• This trip isn’t without some risk for me, Cheryl. But so is walking out my front door every day.

      One historian wrote a whole book about Lewis that asserted he killed himself because he suffered from malaria, not mental illness. I’ve read so many books to write mine. Ha.

      February 5, 2014
  22. Worrying about our reputations and/or our legacies is a big fat waste of time which leads to insecurity and self-doubt.

    Just LIVE!

    February 5, 2014
    • I wish there were “like” buttons for comments, Nancy. You make a very valid point!

      February 5, 2014
      • Thanks, Karen. Life is a different ball game entirely when we use an internal yardstick rather than looking to others for validation.

        February 5, 2014
    • That’s why you’re such a great example for everyone, Nancy.

      February 5, 2014
      • Thanks, Andra. It took me a LONG time to get to “here” . . . but it’s worth it to have a firm foundation under my feet that doesn’t depend upon what “they” think of me.

        I am sorry that PSH won’t be able to act the judge in your movie. I expect he would have nailed it!

        February 5, 2014
  23. I agree with what you said about his talent taking a toll on his soul. Sad times and a great talent.

    February 5, 2014
    • It would have to, wouldn’t it? I mean, I can’t imagine spending time of some of the places he had to go to prepare for the roles he took.

      February 5, 2014
  24. I was gutted when I heard this tragic news about Philip Seymour Hoffman. Another young life blighted by drugs…

    February 5, 2014
    • May it send a few more people to seek help. That’s the only thing we can hope for.

      February 5, 2014
      • Yes, I was thinking just the same thing…thanks Andra for this post, I meant to say that before…

        February 5, 2014
  25. One shouldn’t pussyfoot too much around the fact that an addict is fundamentally flawed. Whether they are to ‘blame’ for that or not is a moot point, but the flaw is there.

    February 5, 2014
    • We’re all fundamentally flawed somehow or another. At least, I know I am.

      February 5, 2014
      • A question of scale, I suppose. I have never understood why one despises the village drunk but has sympathy for an addict who is a star at something or other.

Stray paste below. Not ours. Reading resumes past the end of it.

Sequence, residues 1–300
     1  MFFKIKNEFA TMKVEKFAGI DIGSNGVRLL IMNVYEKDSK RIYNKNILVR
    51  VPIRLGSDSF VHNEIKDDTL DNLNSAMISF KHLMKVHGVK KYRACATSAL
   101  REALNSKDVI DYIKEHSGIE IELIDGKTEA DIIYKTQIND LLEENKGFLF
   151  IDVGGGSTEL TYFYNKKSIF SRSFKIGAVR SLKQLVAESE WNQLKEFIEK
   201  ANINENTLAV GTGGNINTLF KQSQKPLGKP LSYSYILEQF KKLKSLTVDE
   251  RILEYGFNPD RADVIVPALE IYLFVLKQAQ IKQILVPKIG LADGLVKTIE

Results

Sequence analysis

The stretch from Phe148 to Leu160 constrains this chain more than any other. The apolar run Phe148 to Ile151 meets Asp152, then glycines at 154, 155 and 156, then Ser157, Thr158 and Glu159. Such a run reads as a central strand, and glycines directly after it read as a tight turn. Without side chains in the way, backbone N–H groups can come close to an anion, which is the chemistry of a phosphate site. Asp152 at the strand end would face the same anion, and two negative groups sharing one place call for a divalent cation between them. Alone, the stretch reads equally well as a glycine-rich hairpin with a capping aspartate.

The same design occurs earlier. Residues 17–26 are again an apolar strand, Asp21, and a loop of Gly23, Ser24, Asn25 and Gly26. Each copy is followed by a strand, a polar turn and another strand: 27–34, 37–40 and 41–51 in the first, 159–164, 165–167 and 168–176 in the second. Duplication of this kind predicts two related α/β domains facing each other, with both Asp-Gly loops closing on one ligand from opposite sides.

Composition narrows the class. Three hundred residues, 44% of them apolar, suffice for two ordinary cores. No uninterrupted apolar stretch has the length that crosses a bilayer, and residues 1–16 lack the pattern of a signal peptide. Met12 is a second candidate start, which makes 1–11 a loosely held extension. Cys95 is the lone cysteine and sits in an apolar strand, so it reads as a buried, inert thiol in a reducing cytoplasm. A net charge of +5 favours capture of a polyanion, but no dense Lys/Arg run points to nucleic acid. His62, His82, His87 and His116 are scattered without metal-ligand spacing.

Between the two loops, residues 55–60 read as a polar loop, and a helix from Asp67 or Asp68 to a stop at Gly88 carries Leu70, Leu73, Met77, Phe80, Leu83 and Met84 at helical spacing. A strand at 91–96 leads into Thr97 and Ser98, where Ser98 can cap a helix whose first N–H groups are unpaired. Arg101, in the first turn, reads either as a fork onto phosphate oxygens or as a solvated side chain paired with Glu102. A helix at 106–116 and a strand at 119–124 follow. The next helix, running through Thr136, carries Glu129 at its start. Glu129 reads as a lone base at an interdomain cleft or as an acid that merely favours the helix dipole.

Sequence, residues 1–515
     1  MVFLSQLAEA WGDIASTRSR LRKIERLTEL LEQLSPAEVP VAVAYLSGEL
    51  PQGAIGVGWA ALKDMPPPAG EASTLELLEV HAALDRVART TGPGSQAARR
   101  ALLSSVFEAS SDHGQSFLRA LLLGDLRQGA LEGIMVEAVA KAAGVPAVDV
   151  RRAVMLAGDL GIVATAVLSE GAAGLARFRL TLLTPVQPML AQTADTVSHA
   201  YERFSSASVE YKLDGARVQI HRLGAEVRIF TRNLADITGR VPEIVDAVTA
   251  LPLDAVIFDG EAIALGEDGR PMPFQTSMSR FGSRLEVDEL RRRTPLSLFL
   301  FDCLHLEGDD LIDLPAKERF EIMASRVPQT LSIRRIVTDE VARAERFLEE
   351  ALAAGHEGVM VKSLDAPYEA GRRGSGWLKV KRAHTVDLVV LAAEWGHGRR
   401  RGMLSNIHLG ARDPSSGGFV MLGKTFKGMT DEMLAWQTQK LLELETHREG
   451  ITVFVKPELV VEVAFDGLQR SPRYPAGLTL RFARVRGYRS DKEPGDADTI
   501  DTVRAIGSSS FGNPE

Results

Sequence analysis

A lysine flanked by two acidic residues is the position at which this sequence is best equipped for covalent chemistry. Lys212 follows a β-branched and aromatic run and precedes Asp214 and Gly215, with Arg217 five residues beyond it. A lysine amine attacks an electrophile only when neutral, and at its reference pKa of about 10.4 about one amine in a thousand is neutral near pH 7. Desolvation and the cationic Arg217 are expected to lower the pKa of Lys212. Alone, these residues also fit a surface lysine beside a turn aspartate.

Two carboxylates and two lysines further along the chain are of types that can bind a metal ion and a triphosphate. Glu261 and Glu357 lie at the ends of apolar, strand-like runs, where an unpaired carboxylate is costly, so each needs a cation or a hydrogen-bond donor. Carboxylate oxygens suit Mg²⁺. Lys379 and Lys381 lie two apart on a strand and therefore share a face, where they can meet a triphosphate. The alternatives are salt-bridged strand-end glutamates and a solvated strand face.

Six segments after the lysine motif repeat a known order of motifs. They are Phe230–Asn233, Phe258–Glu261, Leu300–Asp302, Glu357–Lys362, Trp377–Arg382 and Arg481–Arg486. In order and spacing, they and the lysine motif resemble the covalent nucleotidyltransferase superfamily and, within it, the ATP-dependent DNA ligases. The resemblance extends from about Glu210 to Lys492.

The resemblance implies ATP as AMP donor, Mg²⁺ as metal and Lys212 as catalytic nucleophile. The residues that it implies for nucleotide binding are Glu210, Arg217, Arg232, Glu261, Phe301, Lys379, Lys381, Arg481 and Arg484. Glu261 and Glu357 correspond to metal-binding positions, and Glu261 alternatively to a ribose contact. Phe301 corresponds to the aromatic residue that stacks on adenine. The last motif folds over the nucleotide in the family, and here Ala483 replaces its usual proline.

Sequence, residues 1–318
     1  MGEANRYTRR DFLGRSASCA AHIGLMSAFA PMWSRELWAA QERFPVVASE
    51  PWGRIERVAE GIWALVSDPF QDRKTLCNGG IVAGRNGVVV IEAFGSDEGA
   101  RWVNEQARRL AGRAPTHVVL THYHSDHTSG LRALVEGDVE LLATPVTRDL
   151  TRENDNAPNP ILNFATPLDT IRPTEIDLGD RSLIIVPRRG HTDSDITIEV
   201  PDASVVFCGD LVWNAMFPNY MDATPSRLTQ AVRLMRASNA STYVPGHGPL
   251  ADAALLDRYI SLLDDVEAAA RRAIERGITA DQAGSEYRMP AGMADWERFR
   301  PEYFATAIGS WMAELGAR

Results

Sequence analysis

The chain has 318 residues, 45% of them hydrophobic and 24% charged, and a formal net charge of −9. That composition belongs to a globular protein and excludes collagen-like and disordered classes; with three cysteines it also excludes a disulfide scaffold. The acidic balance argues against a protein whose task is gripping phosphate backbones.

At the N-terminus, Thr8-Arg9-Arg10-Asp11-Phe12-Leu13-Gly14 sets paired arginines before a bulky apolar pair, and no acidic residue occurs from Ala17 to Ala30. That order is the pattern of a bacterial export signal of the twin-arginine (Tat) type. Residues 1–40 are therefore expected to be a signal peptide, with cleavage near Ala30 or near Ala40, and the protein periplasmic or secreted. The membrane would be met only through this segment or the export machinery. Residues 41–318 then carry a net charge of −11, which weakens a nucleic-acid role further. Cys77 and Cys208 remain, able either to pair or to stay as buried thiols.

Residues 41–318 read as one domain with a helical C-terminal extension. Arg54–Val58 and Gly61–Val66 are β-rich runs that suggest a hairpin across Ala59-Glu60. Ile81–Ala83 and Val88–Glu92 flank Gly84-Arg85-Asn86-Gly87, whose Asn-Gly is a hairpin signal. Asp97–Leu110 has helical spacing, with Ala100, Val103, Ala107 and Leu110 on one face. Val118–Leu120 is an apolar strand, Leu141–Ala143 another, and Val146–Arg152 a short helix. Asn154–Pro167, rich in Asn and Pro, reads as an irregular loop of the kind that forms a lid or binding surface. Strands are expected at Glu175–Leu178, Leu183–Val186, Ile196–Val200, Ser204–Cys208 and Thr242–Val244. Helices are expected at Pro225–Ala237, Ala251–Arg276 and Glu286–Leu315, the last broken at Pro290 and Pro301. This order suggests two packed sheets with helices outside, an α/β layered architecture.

February 5, 2014
  26. He was one of my favorites as well. I wish people I like would take better care of themselves. man the list keeps growing.

    February 5, 2014
    • I suppose that’s just part of life. It has always been so.

      February 5, 2014
  27. Lance #

    I wrote about him on Monday. He was one of my favorites, too. Transcendent talent often comes with internal torment. The good news, and I believe this religiously and intellectually, Hoffman is at peace, now. This is hope. And that’s often all we have.

    wonderful post, A

    February 5, 2014
  28. Hoffman’s death has indeed touched so many of us. My mind immediately went to my niece whom I tried to help. Everyday I learn more about addiction and the mind of an addict. No matter what you say to them, when they are in the midst of their addiction, they are simply not capable of seeing things the way their loved ones do. They can’t reason the way others can and consequences don’t mean a thing. It’s all about the fix right there and now. So devastating for the families.

    Looking forward to “To Live Forever” in March!! Felicidades amiga. 🙂

    February 5, 2014
    • It is mind-bogglingly hard to walk away from a loved one. The guilt. The frustration. I’ve been there. You’ve been in my thoughts on that one, Maria.

      February 6, 2014
  29. angela #

    Nice to read your thoughts, Andra, as well as your fellow readers. I shall forever think of him in Capote, though, his role in Doubt was equally amazing. It was odd, for just a week ago, I saw a picture of him on IMDB and thought he looked like a heart attack waiting to happen… didn’t know of his relapse. He always seemed to carry a sadness in his eyes – author David Foster Wallace comes to mind, too. Men of great depth…and talent. ~ a

    February 5, 2014
  30. I lamented the coroner’s suicidium notice for this fellow.

    February 6, 2014
  31. I can’t understand why I had never heard of him….he sounds to have been an extraordinary man and actor. Sad tale:)

    February 6, 2014
  32. I can’t wait for the book, of course. And having met the Judge, yes! How marvelous PSH would have been. It saddens me to lose the promise of talent so young.

    February 6, 2014
    • I can’t wait for you to read the book, Cam. It needs to be read.

      February 6, 2014
  33. CANNOT WAIT for the book. It sounds so great.

    February 7, 2014